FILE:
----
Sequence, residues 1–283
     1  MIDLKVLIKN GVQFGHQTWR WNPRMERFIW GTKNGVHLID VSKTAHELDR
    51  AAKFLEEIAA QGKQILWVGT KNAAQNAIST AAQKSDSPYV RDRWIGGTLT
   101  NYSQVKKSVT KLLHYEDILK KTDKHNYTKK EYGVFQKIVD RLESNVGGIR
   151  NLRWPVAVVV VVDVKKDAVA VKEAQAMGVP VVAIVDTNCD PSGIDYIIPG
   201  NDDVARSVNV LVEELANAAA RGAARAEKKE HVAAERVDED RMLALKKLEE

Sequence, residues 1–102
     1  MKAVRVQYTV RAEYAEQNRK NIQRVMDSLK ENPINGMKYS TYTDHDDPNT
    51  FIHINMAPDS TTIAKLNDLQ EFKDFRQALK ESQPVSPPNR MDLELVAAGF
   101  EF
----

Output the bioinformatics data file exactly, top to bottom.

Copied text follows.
Sequence, residues 1–283
     1  MIDLKVLIKN GVQFGHQTWR WNPRMERFIW GTKNGVHLID VSKTAHELDR
    51  AAKFLEEIAA QGKQILWVGT KNAAQNAIST AAQKSDSPYV RDRWIGGTLT
   101  NYSQVKKSVT KLLHYEDILK KTDKHNYTKK EYGVFQKIVD RLESNVGGIR
   151  NLRWPVAVVV VVDVKKDAVA VKEAQAMGVP VVAIVDTNCD PSGIDYIIPG
   201  NDDVARSVNV LVEELANAAA RGAARAEKKE HVAAERVDED RMLALKKLEE

Sequence, residues 1–102
     1  MKAVRVQYTV RAEYAEQNRK NIQRVMDSLK ENPINGMKYS TYTDHDDPNT
    51  FIHINMAPDS TTIAKLNDLQ EFKDFRQALK ESQPVSPPNR MDLELVAAGF
   101  EF